Jefe Chico Great for Chicas

When I was demoing boats at the Nantahala Outdoor Center at the Nantahala outpost, one

Nikki Malatin styling the Green Narrows run

of the boats I tried was a Jefe chico. This boat was recommended to me by a few people, including my former boss at the University of Tennessee Outdoor Program, a veteran female boater who actually won the Boaterchick boatercross race on the lower Cheoah in her Jefe, and some friends. While I did not end up choosing the Jefe chico, the decision was a pretty close call, and for other boaters, this would be the kayak of choice. I’ve highlighted some specs about it that I think are really worth noting.


I can speak only for the chico, but that boat is comfy, especially when comparing to the pyranha, which needs serious outfitting to fit me decently. I’m probably going to put this info in here very time I write a boat review, but being a very small person (5’1″, 106 lbs), the chico definitely made the cut for being small boater friendly. Beyond that, the outfitting was overall pretty good, anyway. The knee braces are lower than most boats I’m used to, and the seat rises higher, which does make rolling a little different. I wouldn’t necessarily say harder, but different enough that if you plan on buying it, plan on spending a little time rolling it in flat or easy water to get used to it before putting on the harder stuff.


Boofing Stateline at Watauga. Photo credit: Mary Anne Grell

The biggest difference for me was that, as an obvious creeker, it has a displacement hull instead of a planing hull. That means the bottom is rounded instead of flat. This equates to great for creeks (most creeks have ’em), easy for rolling, and not so great for sharp turns or surfing. This boat is also much slower than the pyranha burn and wavesport diesel, but hey, if you’re a great boater, you can still win races in it, as my friend demonstrated early this May.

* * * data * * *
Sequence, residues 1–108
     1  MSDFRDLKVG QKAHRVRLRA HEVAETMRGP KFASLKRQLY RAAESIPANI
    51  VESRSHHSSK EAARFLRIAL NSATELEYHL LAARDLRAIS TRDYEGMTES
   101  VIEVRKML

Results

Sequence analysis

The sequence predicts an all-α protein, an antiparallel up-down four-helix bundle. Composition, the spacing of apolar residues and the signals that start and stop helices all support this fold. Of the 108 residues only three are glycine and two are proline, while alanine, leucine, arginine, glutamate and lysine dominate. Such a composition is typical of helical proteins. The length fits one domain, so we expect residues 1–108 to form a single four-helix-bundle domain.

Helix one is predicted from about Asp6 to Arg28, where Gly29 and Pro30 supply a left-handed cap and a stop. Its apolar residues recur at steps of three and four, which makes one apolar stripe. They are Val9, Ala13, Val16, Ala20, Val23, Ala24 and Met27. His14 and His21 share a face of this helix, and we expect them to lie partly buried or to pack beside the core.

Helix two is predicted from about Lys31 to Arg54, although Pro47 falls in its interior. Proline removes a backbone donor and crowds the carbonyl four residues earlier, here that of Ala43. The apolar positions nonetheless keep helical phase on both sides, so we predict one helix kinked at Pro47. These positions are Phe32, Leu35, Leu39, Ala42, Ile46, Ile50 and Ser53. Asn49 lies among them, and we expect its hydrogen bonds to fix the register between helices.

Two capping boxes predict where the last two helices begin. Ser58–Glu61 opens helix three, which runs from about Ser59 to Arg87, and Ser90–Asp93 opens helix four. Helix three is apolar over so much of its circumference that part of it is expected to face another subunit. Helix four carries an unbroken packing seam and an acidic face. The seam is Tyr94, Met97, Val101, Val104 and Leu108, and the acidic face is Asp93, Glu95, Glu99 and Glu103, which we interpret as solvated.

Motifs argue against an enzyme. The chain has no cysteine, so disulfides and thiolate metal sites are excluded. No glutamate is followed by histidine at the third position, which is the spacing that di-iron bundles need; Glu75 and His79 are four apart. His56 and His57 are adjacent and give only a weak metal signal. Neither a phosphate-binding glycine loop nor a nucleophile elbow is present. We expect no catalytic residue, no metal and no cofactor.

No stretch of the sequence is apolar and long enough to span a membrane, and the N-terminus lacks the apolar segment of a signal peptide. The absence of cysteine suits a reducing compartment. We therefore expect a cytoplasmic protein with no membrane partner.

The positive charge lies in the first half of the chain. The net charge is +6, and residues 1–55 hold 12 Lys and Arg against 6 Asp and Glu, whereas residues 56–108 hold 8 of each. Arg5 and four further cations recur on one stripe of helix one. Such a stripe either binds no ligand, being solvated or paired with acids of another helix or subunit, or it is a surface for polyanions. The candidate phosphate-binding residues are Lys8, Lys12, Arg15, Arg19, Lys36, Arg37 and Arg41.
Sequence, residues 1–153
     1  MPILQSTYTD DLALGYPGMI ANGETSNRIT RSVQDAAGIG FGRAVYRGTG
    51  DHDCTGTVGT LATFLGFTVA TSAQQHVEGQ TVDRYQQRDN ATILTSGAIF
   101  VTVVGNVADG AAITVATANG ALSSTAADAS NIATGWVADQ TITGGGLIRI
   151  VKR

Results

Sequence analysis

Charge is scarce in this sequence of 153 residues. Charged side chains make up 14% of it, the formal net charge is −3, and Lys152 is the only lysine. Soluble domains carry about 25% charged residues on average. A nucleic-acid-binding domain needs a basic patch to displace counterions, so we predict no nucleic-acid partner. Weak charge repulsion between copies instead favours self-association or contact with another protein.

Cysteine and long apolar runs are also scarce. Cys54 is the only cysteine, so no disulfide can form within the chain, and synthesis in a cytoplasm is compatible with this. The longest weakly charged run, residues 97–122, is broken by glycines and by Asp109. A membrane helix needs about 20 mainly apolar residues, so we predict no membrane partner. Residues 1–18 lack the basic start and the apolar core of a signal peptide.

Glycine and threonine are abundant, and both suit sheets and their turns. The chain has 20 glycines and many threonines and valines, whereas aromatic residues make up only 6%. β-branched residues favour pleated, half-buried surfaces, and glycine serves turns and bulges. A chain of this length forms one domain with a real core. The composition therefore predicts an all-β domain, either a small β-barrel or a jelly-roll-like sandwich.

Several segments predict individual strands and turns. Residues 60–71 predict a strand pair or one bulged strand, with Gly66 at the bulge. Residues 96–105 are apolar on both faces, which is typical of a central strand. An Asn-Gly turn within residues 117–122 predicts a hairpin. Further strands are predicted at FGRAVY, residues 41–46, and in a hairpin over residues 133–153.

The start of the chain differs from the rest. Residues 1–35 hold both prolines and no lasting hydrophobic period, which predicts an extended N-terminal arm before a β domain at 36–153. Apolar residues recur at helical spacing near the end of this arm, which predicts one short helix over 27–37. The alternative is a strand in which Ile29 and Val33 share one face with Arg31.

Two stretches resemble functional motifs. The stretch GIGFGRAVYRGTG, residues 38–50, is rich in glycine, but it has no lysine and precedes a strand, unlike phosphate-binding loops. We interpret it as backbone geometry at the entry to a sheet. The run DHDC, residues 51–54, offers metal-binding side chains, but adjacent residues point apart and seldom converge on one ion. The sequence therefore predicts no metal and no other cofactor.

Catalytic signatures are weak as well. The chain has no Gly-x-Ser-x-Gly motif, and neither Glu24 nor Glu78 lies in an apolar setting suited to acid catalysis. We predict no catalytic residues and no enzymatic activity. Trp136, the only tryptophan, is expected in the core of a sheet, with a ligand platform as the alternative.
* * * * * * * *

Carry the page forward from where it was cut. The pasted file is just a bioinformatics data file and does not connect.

Where to Use it

Probably the nicest thing about this boat is its range of rivers. I’ve seen anyone from first time paddlers to long-time, certifiably bada$$ kayakers hitting anything from flatwater to the Green Narrows. In the early to mid 2000s, kayak sales dropped painfully fast, and one of the reasons people claim is that kayak companies were making their boats too specific–designed only for the elite boaters in the world–and not everyone could enjoy the sport. Liquid Logic definitely broke away from that problem when it made the Jefe.


The Jefe, at least the chico, is a solid boat for smaller paddlers. Though slow and a little more difficult to roll, the chico can take you anywhere you want from your first run to your first class V.


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